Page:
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Today I decided to finally try out Ubuntu, so I followed the Windows installation guide. I downloaded the Desktop Ubuntu 12.10 ISO for Windows, and used the Pen Drive Linux USB Installer to install Ubuntu on my external hard drive. When I rebooted my PC, nothing extraordinary happened. Then I went and changed my boot device order. There was two different entries including "USB", so I just moved one of them to the top, and when I chose save and exit, Windows just started normally again.

Then I went and tried moving the other entry including "USB" to the top, and moved the first one back. This resulted in a black screen with a line of text. The text said something including Syslinux, a copyright symbol, a name (Peter H. Avin or something) and two letters. Nothing else happened after waiting several minutes. I tried pressing several buttons on my keyboard, and at some point, every button started saying a "blunk!" noise. Waiting another fifteen minutes didn't do anything either, so I forced my PC to shut down.

I tried starting up the computer again, and it said that there may be a problem with the computer, maybe caused by recent hardware changes. It gave me 2 options, to start repairing the computer, or to start Windows normally. I started Windows normally, as I knew that this didn't need repair. When I tried going back to change the boot device order, and saw nothing had changed since last time, I just pressed "Save and exit", and got the black screen with the copyright line again.

I can't figure out what I'm doing wrong here to be completely honest. I installed Ubuntu on the right drive, and I've tried moving both of the entries including "USB" to the top in the boot device order, and neither of em helped me much. So what I'm trying to say is, I think I need help. What am I doing wrong?

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2 Answers 2

I'm not sure about your problem. When you go to the boot menu, go where you said you changed the boot device order, but leave as it was before you changed anything. Under those options, their might be something else about boot system, go into that and change that into your USB boot. Hope this helps. Depends on your boot menu I think.

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The problem is not in the boot order or in which device is selected for booting in the BIOS. The BIOS was able to successfully boot from the USB flash drive; once the boot process started successfully, the boot loader (SYSLINUX) then froze. –  Eliah Kagan Feb 15 '13 at 21:25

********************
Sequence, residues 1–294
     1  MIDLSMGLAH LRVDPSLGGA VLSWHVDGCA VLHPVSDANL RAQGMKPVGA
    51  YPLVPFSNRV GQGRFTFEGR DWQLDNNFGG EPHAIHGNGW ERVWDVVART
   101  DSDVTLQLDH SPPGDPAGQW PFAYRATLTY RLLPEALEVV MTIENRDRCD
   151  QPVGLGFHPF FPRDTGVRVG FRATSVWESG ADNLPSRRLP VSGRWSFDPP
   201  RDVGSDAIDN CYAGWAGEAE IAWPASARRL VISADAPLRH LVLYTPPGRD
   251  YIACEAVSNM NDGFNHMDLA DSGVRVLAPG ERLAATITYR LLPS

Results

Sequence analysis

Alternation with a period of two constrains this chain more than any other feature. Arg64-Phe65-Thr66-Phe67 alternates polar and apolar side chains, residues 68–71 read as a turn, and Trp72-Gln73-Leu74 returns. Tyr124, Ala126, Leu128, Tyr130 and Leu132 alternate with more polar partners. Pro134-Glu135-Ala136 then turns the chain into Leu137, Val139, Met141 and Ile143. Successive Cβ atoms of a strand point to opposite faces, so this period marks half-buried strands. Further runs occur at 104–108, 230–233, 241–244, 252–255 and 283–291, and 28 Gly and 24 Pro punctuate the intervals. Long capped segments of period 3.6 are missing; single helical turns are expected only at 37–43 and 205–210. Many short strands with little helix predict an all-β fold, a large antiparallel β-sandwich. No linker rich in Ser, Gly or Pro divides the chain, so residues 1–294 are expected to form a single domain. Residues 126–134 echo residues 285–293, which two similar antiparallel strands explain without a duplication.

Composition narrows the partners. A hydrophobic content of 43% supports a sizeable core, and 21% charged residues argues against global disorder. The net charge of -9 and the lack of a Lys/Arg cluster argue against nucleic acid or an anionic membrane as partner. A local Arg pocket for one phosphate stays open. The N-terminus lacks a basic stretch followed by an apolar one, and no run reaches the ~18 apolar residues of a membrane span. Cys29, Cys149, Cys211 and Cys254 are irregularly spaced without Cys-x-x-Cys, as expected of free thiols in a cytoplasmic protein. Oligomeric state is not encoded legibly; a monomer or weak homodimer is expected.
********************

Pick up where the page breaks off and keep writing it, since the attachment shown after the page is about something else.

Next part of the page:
Well in that I don't know. I didn't use SYSLINUX. I used the unetbootin which has GARB 2.0 I think. It's working fine but sometimes my monitor just loses signal randomly so I can't even install it. I get close to finish it but it just loses signal idk what's happin. –  PyschoPuppets Feb 15 '13 at 21:39
    
SYSLINUX and UNetbootin are totally different kinds of things. You can never use one instead of the other. UNetbootin writes data to the USB flash drive. SYSLINUX is some of the data on the USB flash drive; in particular, it is the low-level program responsible for making the operating system on the USB flash drive boot. UNetbootin runs in Windows. SYSLINUX runs when no operating system is running at all. –  Eliah Kagan Feb 15 '13 at 21:41

SYSLINUX ran, so you were able to boot to the correct device. (SYSLINUX is the boot loader that resides in the ISO image--and thus on your USB flash drive.)

But SYSLINUX did not succeed; it just froze.

The most likely cause of this problem is that the ISO file:

  • downloaded wrong, or
  • was not written enitrely successfully, to the USB flash drive

To see if the ISO downloaded correctly, check its MD5SUM.

If the MD5SUM is wrong, download the ISO again (and MD5 test the newly downloaded copy, too).

If the MD5SUM is correct, make sure you're writing it correctly to the USB flash drive. There is a procedure for testing the integrity of the data written to the USB flash drive, but unfortunately you won't be able to use it in this situation unless you have another computer, since your computer doesn't get far enough in the boot process to access the boot menu and choose to run that test.

You used the Universal USB Installer to write the ISO to the USB flash drive. If you can't get that to produce a working flash drive, try UNetbootin instead. (Similarly, people who try UNetbootin and have trouble with it can try Universal USB Installer to see if that works better.)

If it still doesn't work, try formatting the USB flash drive in Windows (right-click on it and click Format...). Use FAT32. Then try UNetbootin again.

If it still doesn't work, please edit your question to provide details about everything you did and what happened. In particular, please describe exactly how you wrote the ISO image to the USB flash drive.

Finally, you may want to test your RAM. Ordinarily you could do this from the boot menu on the USB flash drive, but you can't get far enough that this works. So, use the instructions on the official memtest86+ website. Attempting to test your memory in this way is helpful for two reasons:

  • If this doesn't work either, it suggests there may be a hardware problem (or systematic errors in the way you're creating boot media).
  • Assuming you are able to do it, it may reveal a defect in your RAM. Or it may not find one (suggesting that a defect is unlikely). RAM can go bad; it's worth testing under these circumstances.
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